To the Galaxy Far, Far Away now, and the Journey To The Rise Of Skywalker continues in IDW’s Star Wars Adventures #28, as anticipation builds toward that film’s December release.
The monthly all-ages title continues the stories it began last month, kicking off with part two of ‘Ghosts Of Kashyyyk’. Attempting to head-off the First Order’s occupation of his home planet, Chewbacca races off into the Black Forest, accompanied only by Terbus the Porg. Back at base-camp, Nien Nunb, Beaumont and Resistance pilot Daz attempt to track the Wookiee’s movements so that they might help. But for the time being, all that needs to be done is the cracking of Stormtrooper helmets, and Chewie’s an old hand at that…
As per the previous instalment, this is penned by John Barber. While the comic is wordy where it needs to be (sections featuring Beaumont) and visually descriptive when it doesn’t (Chewie stalking troopers), the writing feels like the weak link in this part of the chain. Not because any of the actions or dialogue are out of character, more that the story doesn’t seem to progress much over its dozen pages. Chewbacca is in the forest at the beginning of this entry, and in the forest at the end. Although he’s closer to his goal, the reader feels no closer to knowing what his actual goal is. This feels a little like padding; a two-issue storyline which has been stretched out to three, and not what Star Wars Adventures does best.
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That’s not to say ‘Ghosts Of Kashyyyk’ doesn’t look absolutely gorgeous. Derek Charm handles the artwork in his trademark style – heavy stylisation, heavy outlines and a simple yet surgically-executed colour palette. Bonus points are also awarded for a feature-panel showing our Wookiee dynamically descending onto a pair of hapless Stormtroopers, that’s also a clear shoutout to Dark Horse’s iconic rendering of Chewbacca’s trouble on Sernpidal. It’s details like that which keep an old fan very happy. Lettering in this issue comes courtesy of Jake M. Wood, rather than series-regular Tom B. Long. His style is lighter and a little more formal, but no less clear.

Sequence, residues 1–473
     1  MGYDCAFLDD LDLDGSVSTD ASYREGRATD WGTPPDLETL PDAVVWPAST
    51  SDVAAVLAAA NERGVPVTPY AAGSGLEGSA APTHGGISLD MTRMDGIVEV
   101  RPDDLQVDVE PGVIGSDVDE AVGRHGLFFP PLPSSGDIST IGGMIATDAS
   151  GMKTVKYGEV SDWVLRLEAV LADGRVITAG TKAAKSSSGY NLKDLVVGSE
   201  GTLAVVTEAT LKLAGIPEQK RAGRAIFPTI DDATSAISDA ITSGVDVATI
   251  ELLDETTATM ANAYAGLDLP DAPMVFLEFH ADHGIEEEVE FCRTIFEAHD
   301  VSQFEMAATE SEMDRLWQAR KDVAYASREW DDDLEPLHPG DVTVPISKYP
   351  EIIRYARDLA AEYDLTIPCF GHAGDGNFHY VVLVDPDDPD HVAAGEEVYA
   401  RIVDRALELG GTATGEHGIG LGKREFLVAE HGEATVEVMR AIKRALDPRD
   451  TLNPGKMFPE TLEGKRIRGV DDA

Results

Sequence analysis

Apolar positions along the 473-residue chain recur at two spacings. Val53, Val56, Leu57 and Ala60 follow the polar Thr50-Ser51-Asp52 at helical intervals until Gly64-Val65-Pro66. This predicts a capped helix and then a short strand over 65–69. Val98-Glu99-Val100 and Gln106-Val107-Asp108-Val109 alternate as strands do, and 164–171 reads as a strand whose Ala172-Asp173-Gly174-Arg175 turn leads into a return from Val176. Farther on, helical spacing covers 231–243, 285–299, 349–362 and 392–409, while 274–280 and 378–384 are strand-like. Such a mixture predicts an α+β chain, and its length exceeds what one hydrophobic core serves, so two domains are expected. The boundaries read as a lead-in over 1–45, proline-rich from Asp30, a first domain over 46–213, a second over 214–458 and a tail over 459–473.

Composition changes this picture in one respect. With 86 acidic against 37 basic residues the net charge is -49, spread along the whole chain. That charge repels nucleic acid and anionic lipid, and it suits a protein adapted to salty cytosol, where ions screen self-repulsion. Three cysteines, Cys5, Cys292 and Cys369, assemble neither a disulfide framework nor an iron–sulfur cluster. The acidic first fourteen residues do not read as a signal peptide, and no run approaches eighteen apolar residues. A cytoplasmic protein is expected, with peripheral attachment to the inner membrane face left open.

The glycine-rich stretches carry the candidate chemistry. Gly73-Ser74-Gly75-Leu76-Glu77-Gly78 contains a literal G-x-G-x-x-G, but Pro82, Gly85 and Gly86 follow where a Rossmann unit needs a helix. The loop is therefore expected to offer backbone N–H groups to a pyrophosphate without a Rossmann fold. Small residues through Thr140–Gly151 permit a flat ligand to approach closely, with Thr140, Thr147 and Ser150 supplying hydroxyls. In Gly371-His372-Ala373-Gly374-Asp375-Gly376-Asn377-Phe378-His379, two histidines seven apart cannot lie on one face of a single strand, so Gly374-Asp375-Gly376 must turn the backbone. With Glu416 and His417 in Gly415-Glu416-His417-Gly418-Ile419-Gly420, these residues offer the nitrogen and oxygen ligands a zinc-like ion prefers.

Moving in to the supporting-strip, the second chapter of ‘Secret Agent Droids’ sees BB-8, R2-D2 and C-3PO having answered a distress call from a beleaguered fighting force on Garel while Leia Organa and Poe Dameron are conducting an undercover operation. The squad turns out to be Likana, a lone, young Duros data-slicer who needs help from the Resistance in disabling the planetary communications-blocker about to be put in place by the First Order. In order to do this, she’ll need to gain access into the enemy’s communications tower, and in order to do that she’ll need a distraction. Fortunately, she’s found three of them.
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Once again, the creative team is that of part one, with Tony Fleecs lending firm but intricate pencils and inks to Matt Herms’ understated colours. The huge eyes of the Duros species leads to a wonderfully expressive Likana throughout, but even she has her work cut out opposite Fleecs’ excited renderings of the droids and even the faceless Stormtroopers.
Michael Moreci’s story continues at a rollicking pace, mixing action, humour and a moral-justification for the absolute carnage that the droids unleash. At its best this is a fitting tribute to the Droids comic-runs of both Marvel (1986-87) and Dark Horse (1994-97), and if anyone is qualified to carry that mantle forward, it’s IDW.
With both of its tales already established, Star Wars Adventures #28 doesn’t pack quite the punch of issue #27, but it brings the solid, reliable fun of the title at its best. More interesting still will be seeing how much of an impact each conclusion has on the wider story…
Star Wars Adventures #28 is out now from IDW Publishing and your preferred comic outlet.